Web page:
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Selecting Components

For more advanced control on the feedback function operation, we allow data selection and aggregation. Consider this feedback example:

f_qs_relevance = Feedback(openai.qs_relevance)

# Implementation signature:
# def qs_relevance(self, question: str, statement: str) -> float:
  • Argument Selection specification -- Where we previously set, on_input_output , the on(Select...) line enables specification of where the statement argument to the implementation comes from. The form of the specification will be discussed in further details in the Specifying Arguments section.

  • Aggregation specification -- The last line aggregate(numpy.min) specifies how feedback outputs are to be aggregated. This only applies to cases where the argument specification names more than one value for an input. The second specification, for statement was of this type. The input to aggregate must be a method which can be imported globally. This requirement is further elaborated in the next section. This function is called on the float results of feedback function evaluations to produce a single float. The default is numpy.mean.

The result of these lines is that f_qs_relevance can be now be run on app/records and will automatically select the specified components of those apps/records:

record: Record = ...
app: App = ...

feedback_result: FeedbackResult =, record=record)

The object can also be provided to an app wrapper for automatic evaluation:

app: App = tru.Chain(..., feedbacks=[f_qs_relevance])

Specifying Implementation Function and Aggregate

The function or method provided to the Feedback constructor is the implementation of the feedback function which does the actual work of producing a float indicating some quantity of interest.

Note regarding FeedbackMode.DEFERRED -- Any function or method (not static or class methods presently supported) can be provided here but there are additional requirements if your app uses the "deferred" feedback evaluation mode (when feedback_mode=FeedbackMode.DEFERRED are specified to app constructor). In those cases the callables must be functions or methods that are importable (see the next section for details). The function/method performing the aggregation has the same requirements.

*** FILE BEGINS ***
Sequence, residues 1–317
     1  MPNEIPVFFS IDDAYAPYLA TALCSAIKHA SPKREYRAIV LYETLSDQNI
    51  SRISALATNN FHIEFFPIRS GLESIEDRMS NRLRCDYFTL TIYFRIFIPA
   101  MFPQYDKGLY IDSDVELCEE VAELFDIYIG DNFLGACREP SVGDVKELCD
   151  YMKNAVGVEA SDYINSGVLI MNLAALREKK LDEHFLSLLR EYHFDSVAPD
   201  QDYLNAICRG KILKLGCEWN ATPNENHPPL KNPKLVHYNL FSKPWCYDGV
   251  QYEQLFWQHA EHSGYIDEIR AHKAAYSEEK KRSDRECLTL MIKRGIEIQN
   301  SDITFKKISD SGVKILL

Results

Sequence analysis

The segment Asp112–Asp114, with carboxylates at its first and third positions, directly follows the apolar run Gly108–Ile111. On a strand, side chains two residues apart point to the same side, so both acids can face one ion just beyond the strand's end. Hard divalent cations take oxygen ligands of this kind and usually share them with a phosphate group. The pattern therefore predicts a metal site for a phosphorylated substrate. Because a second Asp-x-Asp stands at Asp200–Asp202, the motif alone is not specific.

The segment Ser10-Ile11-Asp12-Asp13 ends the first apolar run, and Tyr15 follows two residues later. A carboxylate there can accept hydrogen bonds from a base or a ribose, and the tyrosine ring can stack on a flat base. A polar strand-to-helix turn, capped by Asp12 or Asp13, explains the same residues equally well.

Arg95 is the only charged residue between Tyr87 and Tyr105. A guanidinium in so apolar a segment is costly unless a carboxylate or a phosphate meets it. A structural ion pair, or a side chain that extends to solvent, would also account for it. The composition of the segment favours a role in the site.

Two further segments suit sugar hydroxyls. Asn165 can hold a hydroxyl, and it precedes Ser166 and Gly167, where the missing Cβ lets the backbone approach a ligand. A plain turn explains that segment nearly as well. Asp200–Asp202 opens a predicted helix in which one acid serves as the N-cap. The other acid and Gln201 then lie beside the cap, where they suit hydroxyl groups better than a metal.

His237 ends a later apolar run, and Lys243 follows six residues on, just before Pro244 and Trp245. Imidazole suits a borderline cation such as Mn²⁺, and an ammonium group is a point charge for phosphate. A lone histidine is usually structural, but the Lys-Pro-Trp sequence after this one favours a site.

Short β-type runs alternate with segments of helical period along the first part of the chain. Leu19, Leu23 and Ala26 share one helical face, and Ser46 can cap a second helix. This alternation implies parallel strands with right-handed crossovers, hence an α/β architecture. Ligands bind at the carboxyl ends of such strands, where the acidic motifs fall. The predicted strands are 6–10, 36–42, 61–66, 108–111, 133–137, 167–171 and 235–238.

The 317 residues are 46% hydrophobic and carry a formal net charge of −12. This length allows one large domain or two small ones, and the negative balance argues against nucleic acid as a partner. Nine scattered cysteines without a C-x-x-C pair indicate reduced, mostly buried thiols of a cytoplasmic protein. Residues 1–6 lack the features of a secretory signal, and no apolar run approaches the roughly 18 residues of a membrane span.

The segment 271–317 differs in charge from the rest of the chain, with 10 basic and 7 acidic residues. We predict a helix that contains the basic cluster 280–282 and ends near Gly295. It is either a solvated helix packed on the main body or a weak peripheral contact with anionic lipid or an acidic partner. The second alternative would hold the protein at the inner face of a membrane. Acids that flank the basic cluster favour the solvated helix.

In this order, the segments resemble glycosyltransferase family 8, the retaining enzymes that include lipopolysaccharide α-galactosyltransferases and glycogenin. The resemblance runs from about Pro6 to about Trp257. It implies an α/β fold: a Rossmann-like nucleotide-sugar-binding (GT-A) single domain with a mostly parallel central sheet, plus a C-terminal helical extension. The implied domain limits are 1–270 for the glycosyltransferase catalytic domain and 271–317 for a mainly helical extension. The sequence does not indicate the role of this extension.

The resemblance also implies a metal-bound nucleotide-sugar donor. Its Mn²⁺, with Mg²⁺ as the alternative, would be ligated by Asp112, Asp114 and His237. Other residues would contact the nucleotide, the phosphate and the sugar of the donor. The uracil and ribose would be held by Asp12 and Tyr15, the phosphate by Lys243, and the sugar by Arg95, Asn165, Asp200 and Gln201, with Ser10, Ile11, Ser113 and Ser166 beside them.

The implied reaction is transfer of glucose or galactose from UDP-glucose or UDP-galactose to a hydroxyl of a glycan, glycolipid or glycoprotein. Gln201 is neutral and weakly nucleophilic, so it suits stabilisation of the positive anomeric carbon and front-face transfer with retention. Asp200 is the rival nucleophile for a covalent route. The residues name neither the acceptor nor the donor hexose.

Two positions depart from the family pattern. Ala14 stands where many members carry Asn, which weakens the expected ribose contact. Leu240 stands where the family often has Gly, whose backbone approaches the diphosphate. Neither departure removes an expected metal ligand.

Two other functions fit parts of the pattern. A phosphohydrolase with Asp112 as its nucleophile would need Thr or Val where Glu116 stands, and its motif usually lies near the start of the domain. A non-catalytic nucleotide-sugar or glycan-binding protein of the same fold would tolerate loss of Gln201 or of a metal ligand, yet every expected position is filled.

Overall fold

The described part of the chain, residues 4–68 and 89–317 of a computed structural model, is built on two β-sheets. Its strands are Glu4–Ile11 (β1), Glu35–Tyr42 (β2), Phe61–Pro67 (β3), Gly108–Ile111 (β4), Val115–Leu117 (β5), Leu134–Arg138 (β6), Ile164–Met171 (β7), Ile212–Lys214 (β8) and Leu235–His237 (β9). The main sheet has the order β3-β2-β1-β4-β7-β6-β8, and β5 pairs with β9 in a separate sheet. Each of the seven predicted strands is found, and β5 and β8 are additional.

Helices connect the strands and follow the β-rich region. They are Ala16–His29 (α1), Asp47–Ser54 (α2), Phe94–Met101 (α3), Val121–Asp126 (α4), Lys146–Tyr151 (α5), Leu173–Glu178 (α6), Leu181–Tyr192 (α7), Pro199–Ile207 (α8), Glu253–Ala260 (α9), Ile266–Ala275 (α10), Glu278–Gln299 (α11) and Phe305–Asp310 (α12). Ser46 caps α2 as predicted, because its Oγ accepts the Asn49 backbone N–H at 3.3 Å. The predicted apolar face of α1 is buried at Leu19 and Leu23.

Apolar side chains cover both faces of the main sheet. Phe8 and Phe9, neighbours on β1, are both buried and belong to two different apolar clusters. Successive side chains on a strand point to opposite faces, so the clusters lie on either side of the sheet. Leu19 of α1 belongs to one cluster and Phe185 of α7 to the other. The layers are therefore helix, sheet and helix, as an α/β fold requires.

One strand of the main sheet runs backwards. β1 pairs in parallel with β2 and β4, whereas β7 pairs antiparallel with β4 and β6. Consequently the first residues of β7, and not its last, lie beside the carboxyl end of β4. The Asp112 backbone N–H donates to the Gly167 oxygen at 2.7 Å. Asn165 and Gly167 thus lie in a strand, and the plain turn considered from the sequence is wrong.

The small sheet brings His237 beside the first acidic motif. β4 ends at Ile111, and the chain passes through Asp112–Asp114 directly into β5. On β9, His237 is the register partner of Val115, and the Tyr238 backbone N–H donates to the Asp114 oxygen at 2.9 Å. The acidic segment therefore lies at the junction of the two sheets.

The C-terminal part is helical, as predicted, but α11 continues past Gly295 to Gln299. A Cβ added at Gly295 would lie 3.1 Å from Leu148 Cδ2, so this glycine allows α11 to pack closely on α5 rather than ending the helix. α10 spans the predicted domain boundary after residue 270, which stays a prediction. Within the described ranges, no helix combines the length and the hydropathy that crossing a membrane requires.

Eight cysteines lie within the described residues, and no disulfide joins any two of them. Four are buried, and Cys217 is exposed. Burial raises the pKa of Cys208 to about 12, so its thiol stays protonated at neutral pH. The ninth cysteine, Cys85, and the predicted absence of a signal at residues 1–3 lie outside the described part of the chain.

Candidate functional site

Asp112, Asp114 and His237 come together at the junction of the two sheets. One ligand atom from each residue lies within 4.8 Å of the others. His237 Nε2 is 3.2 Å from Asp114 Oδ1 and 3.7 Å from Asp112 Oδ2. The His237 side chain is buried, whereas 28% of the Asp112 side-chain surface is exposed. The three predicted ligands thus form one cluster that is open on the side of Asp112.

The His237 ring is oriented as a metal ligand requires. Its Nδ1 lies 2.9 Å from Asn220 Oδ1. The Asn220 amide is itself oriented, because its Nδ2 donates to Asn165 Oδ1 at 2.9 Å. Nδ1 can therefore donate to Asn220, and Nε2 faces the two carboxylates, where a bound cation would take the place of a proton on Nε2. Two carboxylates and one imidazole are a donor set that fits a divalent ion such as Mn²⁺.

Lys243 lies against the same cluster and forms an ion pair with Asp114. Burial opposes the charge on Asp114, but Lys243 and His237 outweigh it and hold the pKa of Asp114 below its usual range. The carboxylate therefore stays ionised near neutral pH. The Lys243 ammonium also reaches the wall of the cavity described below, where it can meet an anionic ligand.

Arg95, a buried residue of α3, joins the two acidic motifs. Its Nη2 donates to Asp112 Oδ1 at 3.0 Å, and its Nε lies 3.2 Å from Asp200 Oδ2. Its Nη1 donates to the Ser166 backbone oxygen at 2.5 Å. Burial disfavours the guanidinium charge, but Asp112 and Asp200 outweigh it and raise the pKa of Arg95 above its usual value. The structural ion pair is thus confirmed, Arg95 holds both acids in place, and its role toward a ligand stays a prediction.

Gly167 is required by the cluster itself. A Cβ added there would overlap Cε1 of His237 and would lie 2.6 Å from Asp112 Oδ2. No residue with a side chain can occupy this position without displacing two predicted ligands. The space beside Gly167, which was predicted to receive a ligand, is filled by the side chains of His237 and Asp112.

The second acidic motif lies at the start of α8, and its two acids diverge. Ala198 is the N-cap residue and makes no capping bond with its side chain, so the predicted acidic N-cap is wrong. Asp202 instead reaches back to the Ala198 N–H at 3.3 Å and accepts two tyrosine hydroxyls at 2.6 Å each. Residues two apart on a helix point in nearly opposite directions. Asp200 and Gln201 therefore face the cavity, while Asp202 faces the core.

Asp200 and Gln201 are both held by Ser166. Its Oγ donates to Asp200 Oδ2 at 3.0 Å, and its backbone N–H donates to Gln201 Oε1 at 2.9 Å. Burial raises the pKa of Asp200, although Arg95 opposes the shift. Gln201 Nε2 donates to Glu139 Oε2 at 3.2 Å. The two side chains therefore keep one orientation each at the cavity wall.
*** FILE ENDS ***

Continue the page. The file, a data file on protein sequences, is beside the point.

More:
Import requirement (DEFERRED feedback mode only)

If using deferred evaluation, the feedback function implementations and aggregation implementations must be functions or methods from a Provider subclass that is importable. That is, the callables must be accessible were you to evaluate this code:

from somepackage.[...] import someproviderclass
from somepackage.[...] import somefunction

# [...] means optionally further package specifications

provider = someproviderclass(...) # constructor arguments can be included
feedback_implementation1 = provider.somemethod
feedback_implementation2 = somefunction

For provided feedback functions, somepackage is and someproviderclass is OpenAI or one of the other Provider subclasses. Custom feedback functions likewise need to be importable functions or methods of a provider subclass that can be imported. Critically, functions or classes defined locally in a notebook will not be importable this way.

Specifying Arguments

The mapping between app/records to feedback implementation arguments is specified by the on... methods of the Feedback objects. The general form is:

feedback: Feedback = feedback.on(argname1=selector1, argname2=selector2, ...)

That is, Feedback.on(...) returns a new Feedback object with additional argument mappings, the source of argname1 is selector1 and so on for further argument names. The types of selector1 is JSONPath which we elaborate on in the "Selector Details".

If argument names are ommitted, they are taken from the feedback function implementation signature in order. That is,

Feedback(...).on(argname1=selector1, argname2=selector2)


Feedback(...).on(selector1, selector2)